I’ve spent some time trying to reconcile the number of PD2s the SELNEC Central Division inherited and operated given the confusing numbers published in Eyre and Heaps The Manchester Bus, Manchester and Salford – One Hundred Years of Municipal Transport, Stewart Brown’s Greater Manchester Buses and my own sources from MCTD, Salford and SELNEC from 1968 through 1970. My own notes show that SELNEC intended to reduce its fleet of traditional front engined vehicles in short order and introduce OMO as soon as possible – an aspiration repeatedly delayed by late deliveries, the need to write down assets and union negotiations. It is a fact backed by written information from SELNEC, that SELNEC Central Division required an Operational Fleet for daytime running of 400 PD2s to cover services, maintenance, reserve vehicles for breakdowns and education departments’ needs. The Operational Fleet as far as PD2s were concerned was restricted to vehicles of less than 15 years old, in fact the oldest vehicles were the 1956 3400 series PND registered ex Manchester PD2s. Manchester contributed 300 PD2s, Salford 103. No vehicles to the best of my knowledge were imported to Central from other divisions. In addition to the Operational Fleet it appears Central had a fleet of licenced, driver training and withdrawn PD2s, all transferred from MCTD. The Manchester Bus in its vehicle listings at the back of the book infers the PD2s older than 15 years old that were transferred to SELNEC were fully licenced vehicles. Manchester and Salford a Century of Municipal Transport breaks down the transfer into driving school and withdrawn vehicles, as can be found on page 301 of The Manchester Bus, leading to the conclusion that the withdrawn vehicles were delicenced at midnight on 31 October/1 November 1969. However, the Eyre and Heaps publications disagree with each other in terms of numbers and because Manchester and Salford a Century of Municipal Transport was published much later than the last edition of The Manchester Bus, I have taken the latter’s figures. Central still required a reasonable number of rush hour extras and the older PD2s that were licenced, were thus employed. Most were withdrawn during 1970, the last of the pre 1956 PD2s in early 1971. The next discrepancy is that Greater Manchester Buses states that 501 PD2s were inherited in total and does not break down the numbers.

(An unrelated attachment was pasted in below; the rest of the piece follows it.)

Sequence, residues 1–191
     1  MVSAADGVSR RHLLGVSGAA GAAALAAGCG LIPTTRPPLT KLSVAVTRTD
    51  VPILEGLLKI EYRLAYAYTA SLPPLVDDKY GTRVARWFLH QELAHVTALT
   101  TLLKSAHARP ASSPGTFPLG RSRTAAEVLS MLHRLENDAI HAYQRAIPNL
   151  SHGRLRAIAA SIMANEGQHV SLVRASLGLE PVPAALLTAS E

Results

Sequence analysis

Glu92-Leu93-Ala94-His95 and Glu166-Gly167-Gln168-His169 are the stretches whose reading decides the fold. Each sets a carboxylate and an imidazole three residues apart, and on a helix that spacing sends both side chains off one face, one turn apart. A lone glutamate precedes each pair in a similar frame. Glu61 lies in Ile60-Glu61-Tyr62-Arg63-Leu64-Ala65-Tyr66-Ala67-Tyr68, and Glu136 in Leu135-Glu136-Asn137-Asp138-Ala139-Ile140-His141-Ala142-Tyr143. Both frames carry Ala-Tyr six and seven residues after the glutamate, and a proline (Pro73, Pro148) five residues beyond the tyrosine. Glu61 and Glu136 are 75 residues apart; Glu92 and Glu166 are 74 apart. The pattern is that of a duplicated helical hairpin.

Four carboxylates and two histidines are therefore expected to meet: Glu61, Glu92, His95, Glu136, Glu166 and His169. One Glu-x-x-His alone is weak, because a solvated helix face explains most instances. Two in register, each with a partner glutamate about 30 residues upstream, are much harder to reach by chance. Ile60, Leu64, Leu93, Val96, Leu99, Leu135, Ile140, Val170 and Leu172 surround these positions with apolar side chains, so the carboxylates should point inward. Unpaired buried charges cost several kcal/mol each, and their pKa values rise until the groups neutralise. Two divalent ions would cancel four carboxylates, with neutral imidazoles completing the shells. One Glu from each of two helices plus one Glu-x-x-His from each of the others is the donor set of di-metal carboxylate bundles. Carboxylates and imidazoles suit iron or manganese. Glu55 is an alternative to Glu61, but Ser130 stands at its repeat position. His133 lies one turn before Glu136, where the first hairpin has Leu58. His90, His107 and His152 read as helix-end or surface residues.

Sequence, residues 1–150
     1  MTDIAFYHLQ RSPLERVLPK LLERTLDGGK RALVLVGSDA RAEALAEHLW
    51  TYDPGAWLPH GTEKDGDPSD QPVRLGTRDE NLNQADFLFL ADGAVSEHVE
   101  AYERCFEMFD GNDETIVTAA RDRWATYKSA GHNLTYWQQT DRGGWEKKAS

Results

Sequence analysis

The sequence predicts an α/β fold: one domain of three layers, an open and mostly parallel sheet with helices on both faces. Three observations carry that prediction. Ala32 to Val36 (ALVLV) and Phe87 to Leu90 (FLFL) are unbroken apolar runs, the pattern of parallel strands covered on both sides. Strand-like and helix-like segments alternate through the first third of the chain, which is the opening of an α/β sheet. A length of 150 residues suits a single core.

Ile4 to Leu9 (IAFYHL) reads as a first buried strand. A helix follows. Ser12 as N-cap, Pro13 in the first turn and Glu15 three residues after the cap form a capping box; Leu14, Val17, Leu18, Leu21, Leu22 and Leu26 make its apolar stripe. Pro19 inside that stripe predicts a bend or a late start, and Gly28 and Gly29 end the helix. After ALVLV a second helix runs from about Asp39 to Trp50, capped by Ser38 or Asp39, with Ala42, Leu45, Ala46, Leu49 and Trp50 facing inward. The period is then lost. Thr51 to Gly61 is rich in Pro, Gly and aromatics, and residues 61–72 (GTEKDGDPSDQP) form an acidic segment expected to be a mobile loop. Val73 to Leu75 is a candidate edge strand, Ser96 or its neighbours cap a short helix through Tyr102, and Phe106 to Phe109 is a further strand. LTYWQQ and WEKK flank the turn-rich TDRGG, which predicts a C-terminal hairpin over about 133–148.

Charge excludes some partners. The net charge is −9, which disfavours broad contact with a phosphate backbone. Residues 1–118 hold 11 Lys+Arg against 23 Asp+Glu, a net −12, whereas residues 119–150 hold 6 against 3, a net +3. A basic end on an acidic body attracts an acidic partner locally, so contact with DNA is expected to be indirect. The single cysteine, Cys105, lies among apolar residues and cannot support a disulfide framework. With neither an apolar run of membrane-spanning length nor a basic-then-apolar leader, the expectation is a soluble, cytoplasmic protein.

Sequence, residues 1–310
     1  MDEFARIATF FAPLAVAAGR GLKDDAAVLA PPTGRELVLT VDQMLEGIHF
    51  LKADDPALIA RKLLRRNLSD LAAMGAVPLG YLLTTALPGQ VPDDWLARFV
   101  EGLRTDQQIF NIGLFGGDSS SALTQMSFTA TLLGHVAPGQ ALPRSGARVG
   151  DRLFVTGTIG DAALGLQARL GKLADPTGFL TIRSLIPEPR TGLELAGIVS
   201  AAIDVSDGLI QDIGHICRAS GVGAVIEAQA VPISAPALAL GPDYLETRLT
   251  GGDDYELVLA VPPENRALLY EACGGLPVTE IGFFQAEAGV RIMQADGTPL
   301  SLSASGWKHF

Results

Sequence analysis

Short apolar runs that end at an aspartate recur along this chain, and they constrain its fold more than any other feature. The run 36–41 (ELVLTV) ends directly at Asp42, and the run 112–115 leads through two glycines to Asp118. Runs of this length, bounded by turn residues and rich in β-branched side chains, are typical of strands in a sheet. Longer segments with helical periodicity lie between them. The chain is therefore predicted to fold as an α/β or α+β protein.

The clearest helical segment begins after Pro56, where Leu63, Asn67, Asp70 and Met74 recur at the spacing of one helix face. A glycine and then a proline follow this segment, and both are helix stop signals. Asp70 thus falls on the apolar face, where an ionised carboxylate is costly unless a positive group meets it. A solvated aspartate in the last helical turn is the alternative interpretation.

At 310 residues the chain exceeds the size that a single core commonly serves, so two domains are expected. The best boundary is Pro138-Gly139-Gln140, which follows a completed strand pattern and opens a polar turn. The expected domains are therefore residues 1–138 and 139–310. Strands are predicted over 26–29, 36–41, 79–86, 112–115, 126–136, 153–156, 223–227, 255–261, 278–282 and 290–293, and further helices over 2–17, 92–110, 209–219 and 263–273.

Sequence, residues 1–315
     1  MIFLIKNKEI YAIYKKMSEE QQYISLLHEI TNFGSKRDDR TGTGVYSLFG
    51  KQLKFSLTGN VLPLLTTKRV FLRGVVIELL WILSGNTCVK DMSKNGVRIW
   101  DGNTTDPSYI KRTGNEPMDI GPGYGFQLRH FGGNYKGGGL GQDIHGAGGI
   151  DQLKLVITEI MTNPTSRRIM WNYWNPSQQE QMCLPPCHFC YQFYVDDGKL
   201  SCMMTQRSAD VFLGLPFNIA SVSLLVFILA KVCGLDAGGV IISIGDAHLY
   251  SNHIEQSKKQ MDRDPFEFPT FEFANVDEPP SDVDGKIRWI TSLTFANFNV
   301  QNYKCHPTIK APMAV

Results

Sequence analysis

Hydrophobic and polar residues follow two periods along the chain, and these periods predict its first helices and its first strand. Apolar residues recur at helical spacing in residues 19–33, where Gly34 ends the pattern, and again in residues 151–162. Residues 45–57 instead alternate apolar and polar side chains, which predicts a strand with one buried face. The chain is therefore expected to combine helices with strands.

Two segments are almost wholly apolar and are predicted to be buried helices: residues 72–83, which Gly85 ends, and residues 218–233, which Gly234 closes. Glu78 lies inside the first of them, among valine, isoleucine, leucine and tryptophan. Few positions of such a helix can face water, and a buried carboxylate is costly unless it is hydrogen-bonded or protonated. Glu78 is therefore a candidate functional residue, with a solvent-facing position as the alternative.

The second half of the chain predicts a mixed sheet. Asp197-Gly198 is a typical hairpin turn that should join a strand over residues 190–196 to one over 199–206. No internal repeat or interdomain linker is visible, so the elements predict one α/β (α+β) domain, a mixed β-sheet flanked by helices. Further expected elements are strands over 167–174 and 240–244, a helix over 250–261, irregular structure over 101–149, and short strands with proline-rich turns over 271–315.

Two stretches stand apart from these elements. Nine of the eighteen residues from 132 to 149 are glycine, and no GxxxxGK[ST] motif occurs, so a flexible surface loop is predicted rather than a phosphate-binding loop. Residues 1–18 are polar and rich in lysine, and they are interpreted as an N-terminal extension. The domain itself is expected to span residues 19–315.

MCW Manchester Standard bodied PD2s 3200-3223 and 3225-3264 were transferred as licenced – total 64.